Scot Peterson, the sheriff's deputy who received public scrutiny for failing to confront the shooter at a Parkland, Florida high school back in February, is now receiving his state pension of $8,702.35 per month.
Peterson resigned and retired a week after the shooting when an initial investigation revealed he didn't go into Marjory Stoneman Douglas High School to confront the shooter, who is charged with killing 17 students and teachers, according to the Sun Sentinel.
Peterson began to receive his pension in April, according to the Florida Department of Management Services. He can receive the payments for the rest of his life.
The 55-year-old Peterson, a Broward deputy for 32 years, was paid $101,879.03 last year — $75,673.72 in base salary plus overtime and other compensation, according to sheriff’s office records. Until the shooting, he was considered a trusted school resource officer at Stoneman Douglas, according to annual reviews of his performance.
He was eligible to retire from the agency in July 2010 when he had 25 years of service, a sheriff’s office spokeswoman said Wednesday.
Surveilance video from Feb. 14 showed Peterson waiting outside the school while the shooter went through the halls with an AR-15 rifle shooting and killing students and teachers. President Donald Trump slammed Peterson, saying he "certainly did a poor job" and that he was a "coward" for not going into the school to try to help the students. Sheriff Scott Israel also criticized Peterson, saying he should have "went in. Addressed the killer. Killed the killer."
Following the shooting, Peterson released a statement saying he believed the gunshots were coming from outside of the school and not inside the building.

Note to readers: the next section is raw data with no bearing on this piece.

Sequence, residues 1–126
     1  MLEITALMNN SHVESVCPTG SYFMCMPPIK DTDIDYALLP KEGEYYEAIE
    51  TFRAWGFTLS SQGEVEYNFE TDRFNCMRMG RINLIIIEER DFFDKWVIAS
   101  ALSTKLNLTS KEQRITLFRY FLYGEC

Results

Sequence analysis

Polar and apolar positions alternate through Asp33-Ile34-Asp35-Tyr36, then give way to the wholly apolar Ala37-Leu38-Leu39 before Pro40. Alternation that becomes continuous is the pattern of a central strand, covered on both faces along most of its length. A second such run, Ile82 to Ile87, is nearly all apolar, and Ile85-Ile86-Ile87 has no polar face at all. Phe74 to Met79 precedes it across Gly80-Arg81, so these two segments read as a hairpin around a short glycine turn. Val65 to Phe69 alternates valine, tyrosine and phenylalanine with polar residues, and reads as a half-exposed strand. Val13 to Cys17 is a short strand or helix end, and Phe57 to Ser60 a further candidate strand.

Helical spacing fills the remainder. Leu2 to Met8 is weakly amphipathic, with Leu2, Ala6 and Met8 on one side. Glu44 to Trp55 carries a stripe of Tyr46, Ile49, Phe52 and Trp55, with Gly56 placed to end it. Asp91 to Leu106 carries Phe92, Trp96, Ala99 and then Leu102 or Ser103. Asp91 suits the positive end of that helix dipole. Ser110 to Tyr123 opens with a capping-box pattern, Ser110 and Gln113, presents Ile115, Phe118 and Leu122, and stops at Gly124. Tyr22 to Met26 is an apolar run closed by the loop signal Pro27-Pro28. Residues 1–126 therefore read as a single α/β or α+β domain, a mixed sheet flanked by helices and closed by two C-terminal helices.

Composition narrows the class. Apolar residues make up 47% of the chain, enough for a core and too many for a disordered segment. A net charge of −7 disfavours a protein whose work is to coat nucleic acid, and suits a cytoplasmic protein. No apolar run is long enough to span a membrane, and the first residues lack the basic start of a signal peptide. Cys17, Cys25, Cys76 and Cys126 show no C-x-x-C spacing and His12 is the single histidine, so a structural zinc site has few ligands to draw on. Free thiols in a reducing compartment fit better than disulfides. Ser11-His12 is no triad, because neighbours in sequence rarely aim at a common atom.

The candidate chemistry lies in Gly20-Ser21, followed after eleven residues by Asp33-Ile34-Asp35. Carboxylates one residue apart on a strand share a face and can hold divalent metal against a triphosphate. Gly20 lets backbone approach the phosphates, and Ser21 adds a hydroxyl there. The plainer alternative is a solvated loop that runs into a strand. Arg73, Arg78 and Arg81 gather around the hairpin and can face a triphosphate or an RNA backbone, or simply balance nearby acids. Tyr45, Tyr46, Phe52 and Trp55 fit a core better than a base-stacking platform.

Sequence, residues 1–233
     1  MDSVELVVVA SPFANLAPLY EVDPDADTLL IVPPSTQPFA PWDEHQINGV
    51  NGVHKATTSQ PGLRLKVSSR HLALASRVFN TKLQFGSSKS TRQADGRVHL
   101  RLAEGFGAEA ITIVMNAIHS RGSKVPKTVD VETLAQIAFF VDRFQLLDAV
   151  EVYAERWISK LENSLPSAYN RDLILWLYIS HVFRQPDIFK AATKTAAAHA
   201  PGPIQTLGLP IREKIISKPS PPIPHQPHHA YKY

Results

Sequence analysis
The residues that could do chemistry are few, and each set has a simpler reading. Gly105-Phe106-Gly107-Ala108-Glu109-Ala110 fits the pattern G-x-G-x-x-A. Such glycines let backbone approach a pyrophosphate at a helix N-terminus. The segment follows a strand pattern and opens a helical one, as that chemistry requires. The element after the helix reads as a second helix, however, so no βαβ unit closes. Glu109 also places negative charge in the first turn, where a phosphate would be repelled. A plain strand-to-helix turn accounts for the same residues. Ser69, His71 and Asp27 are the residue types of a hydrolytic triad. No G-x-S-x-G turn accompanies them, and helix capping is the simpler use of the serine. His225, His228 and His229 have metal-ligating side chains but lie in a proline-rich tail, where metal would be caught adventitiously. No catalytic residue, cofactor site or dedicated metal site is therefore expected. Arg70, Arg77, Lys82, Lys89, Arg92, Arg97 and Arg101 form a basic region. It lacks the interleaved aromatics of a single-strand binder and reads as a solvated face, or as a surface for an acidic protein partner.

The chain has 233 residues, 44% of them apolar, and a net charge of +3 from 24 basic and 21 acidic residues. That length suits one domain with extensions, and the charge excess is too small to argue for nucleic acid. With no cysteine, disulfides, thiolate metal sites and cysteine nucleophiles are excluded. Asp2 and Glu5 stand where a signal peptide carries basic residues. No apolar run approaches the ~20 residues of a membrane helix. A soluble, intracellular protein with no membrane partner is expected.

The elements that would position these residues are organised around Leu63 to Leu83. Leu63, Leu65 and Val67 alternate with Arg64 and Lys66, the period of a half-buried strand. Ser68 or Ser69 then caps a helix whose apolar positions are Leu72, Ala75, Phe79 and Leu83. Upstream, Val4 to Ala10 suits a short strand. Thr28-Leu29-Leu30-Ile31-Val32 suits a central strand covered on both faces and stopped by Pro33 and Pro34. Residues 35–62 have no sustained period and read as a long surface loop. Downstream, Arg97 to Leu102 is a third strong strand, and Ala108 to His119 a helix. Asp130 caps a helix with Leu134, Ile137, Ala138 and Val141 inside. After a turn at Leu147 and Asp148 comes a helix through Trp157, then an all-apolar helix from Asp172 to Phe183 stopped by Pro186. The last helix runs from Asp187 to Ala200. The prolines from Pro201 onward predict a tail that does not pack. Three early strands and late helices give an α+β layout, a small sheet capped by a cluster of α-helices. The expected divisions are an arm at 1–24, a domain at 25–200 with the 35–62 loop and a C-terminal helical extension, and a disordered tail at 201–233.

According to the state pension handbook, Peterson's pension payments are based on the "total number of years he worked and the average of his five highest-paid fiscal years." The Department of Management Services spokeswoman said health benefits, which Peterson receives through the sheriff’s office, are not included in the monthly amount he receives in pension. Officials have indicated that nothing to date prevents Peterson from receiving his retirement benefits.
Peterson would not be entitled to his pension if he were convicted of a crime such as embezzlement or bribery.
Neither the sheriff’s office nor the state attorney have indicated "any charges or other circumstances" that would justify withholding Peterson’s pension, Erin Rock, secretary for the Department of Management Services, concluded in a letter March 28.
A state commission is reviewing the police response to the shooting.
Andrew Pollack, whose daughter Meadow died in the shooting, sued Peterson last month and released a statement Tuesday calling Peterson a "disgrace and a coward."
When asked about the pension, Pollack said, "He’s going to take it." He went on to say the money should go to help fund school safety or scholarships for wounded students. "But there’s nothing we can do about it," Pollack added.
"The coward of broward, Scot Peterson is getting over $8k a month pension! He hid while my daughter and 16 others were slaughtered!" Pollack tweeted. "How in the hell is he getting this? That money should go to actually securing our schools!"
The coward of broward, Scot Peterson is getting over $8k a month pension! He hid while my daughter and 16 others were slaughtered! How in the hell is he getting this?
— Andrew Pollack (@AndrewPollackFL) May 16, 2018